The only time that maintaining the wall that separates church and state proves difficult for me is when I go over certain works of literature in my senior English class.  So much of what is part of the curriculum, particularly from the years right before the Enlightenment, is heavily mired in religious and metaphysical exploration that an English teacher who wants to do justice to the works simply cannot discuss them without also exploring the motivations for their creation.  Perhaps you can swing John Donne's "Meditation 17" towards a more humanist philosophy, but is that then a sincere exploration?  I don't really think so.  Then we get to works like Paradise Lost and Pilgrim's Progress.  Filtering out the religious overtones on those would be like showing reruns of The Sopranos or Deadwood on the Family Channel by bleeping out the cussing.  You'd lose all meaning, and the bleeps would run together so much that every dog within earshot would start howling.  So I try to focus mainly on the literary merit, and when it comes to the metaphysical content, I simply try to pose questions that I leave up to the students to answer for themselves.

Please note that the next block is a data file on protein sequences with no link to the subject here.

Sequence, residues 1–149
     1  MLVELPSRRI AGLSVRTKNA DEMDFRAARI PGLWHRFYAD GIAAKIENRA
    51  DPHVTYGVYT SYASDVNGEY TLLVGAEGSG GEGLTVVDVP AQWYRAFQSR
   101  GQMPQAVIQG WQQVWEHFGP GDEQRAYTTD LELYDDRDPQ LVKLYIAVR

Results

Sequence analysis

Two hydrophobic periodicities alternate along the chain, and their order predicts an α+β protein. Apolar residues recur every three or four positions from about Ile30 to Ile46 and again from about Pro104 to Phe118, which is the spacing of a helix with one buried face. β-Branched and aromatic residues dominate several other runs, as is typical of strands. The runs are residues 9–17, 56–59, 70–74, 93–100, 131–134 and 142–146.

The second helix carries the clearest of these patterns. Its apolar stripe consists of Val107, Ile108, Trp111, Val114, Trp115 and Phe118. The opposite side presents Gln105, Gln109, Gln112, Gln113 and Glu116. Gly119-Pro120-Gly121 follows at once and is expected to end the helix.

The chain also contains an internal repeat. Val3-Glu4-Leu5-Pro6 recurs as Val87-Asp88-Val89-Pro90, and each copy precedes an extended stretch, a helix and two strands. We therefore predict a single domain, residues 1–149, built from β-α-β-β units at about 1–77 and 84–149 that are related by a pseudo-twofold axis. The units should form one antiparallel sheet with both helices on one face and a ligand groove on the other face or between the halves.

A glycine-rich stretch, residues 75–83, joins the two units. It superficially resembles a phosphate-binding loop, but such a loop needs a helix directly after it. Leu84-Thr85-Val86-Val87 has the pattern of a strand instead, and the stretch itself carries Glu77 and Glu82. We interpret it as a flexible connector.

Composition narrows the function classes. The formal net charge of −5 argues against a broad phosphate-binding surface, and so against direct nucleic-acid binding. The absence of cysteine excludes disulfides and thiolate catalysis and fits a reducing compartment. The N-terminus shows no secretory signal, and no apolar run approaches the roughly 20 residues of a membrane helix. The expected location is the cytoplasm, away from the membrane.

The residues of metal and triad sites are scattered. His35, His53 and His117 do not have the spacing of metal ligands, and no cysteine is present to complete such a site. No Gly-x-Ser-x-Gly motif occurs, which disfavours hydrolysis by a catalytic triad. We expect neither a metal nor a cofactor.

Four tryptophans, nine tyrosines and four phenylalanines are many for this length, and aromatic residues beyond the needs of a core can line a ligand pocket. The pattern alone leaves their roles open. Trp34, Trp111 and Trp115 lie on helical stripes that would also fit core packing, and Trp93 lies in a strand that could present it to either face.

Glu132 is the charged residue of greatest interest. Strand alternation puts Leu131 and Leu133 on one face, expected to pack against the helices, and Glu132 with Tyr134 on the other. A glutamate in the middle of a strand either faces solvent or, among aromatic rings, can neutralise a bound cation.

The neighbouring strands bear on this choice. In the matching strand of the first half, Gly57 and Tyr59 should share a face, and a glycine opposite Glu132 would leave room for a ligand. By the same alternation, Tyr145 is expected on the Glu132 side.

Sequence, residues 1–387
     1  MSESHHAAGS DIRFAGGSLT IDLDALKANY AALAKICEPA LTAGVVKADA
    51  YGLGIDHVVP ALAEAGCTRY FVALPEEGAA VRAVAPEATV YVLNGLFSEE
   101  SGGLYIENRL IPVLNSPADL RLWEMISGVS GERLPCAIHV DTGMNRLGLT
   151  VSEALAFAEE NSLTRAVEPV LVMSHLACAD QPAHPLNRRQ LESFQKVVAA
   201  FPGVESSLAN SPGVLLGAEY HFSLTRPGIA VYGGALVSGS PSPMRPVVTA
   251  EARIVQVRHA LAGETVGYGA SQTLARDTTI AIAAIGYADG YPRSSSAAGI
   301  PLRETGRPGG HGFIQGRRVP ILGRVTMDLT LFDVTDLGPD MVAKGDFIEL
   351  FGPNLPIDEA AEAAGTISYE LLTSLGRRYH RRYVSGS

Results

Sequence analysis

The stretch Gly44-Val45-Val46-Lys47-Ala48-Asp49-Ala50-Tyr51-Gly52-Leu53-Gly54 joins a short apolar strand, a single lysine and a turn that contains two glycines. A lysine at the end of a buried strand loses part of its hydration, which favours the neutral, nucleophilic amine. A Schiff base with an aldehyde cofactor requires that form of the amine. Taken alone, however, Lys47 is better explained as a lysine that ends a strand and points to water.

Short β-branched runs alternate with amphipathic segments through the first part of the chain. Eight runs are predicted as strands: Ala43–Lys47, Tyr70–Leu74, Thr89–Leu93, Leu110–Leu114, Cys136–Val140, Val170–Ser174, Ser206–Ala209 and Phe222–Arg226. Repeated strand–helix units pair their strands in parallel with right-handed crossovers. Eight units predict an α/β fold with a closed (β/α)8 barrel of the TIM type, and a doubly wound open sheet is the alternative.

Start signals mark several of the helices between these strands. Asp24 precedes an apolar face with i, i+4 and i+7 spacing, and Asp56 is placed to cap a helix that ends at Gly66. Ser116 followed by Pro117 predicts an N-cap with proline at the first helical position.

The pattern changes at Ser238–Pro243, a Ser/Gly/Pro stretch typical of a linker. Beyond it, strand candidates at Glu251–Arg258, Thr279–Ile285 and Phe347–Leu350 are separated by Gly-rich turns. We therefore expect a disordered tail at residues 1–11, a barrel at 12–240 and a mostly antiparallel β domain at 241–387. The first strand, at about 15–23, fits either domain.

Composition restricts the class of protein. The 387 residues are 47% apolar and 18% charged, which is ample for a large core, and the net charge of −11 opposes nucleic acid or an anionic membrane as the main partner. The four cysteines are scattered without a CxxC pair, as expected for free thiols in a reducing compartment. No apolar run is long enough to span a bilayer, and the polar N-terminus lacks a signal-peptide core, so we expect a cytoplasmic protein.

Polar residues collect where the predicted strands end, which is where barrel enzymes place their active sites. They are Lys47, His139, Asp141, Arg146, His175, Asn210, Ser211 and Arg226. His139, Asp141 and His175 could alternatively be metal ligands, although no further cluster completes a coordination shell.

Apparently I do too good a job in masking my own beliefs.  A senior yesterday if I was trying to suggest that Christianity is the one true religion.

Yeah, I got a good chuckle out of that one, too.

Sunday, December 12, 2010

Worst grad final ever